408. Dogen’s Four Foundations of Mindfulness

Master Dogen’s Dharma Hall discourse number 310:  

Our Buddha Shakyamuni said to his disciples there are four foundations of mindfulness on which people should depend.These four foundations of mindfulness refer to contemplating the body as impure; contemplating sensation as  suffering; contemplating mind as impermanent; and contemplating phenomena as non-substantial.

I also have four foundations of mindfulness: contemplating the body as a skin bag; contemplating sensation as eating bowls; contemplating mind as fences, walls, tiles, and pebbles; and contemplating phenomena as old man Zhang drinking wine, old man Li getting drunk.

Great assembly, are my four foundations of mindfulness the same or different from the ancient Buddha’s four foundations of mindfulness? If you say they are the same your eyebrows will fall out [from lying];  if you say they are different you lose your body and life.

Are they the same or are they different?  If different, what are the differences? 

For starters, there’s a difference in tone.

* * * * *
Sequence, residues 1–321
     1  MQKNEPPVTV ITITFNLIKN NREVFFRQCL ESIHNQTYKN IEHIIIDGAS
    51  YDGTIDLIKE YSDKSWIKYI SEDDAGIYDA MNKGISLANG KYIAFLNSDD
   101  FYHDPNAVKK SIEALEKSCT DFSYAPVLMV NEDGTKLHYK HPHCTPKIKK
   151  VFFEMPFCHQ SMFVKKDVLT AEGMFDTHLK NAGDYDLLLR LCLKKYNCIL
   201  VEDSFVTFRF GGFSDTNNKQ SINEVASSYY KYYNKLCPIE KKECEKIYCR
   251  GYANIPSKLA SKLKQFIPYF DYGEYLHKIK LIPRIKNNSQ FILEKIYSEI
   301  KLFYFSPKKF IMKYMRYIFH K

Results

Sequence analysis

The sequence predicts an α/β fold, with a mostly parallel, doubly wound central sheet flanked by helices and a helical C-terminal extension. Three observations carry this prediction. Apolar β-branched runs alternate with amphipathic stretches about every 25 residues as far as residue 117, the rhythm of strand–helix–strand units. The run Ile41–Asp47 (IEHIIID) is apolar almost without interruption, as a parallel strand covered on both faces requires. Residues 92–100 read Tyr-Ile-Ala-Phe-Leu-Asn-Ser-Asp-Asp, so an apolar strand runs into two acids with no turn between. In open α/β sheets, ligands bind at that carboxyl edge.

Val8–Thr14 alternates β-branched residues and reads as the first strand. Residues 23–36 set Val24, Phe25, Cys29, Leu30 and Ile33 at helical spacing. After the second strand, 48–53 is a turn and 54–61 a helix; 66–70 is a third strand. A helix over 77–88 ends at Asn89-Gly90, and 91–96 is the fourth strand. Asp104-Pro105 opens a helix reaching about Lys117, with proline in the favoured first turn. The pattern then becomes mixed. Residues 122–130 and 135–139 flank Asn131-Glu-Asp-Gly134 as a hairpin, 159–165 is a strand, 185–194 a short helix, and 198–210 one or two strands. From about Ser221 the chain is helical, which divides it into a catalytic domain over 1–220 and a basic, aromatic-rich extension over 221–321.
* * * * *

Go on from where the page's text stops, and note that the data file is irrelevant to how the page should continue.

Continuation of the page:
In the Buddha’s formulation, the four foundations appear to be quite doctrinal. In Dogen’s formulation they  appear colloquial,  everyday and realistic. The Buddha’s formulation mentions the body as  impure. It also mentions suffering. Dogen mentions neither.

It seems to me that in the Buddha’s formulation the ghost of the self is still hovering, whereas in Dogen’s the nonduality of all beings is much more apparent. 

The Buddha’s formulation  in emotional tone is renunciatory. Dogen’s  tone is quite different. It evokes Wonder,  Joy, Acceptance and  Surprise. It’s very human.

Rather than saying  that everything is impermanent and impermanence is the cause of suffering. Dogen’s  formulation really starts from  thenassumption of nonduality, the aliveness and wholeness of everything. So impermanence isn’t the indicator of suffering,  it is a characteristic of  interdependent  wholeness.

Contemplating the body as a skin bag  is different from contemplating the body as impure. It’s much more realistic. We are this skin bag of blood and shit and bone and pain and beauty and memory and longing and love.  A bag that can tear at any moment, and in that moment we are gone.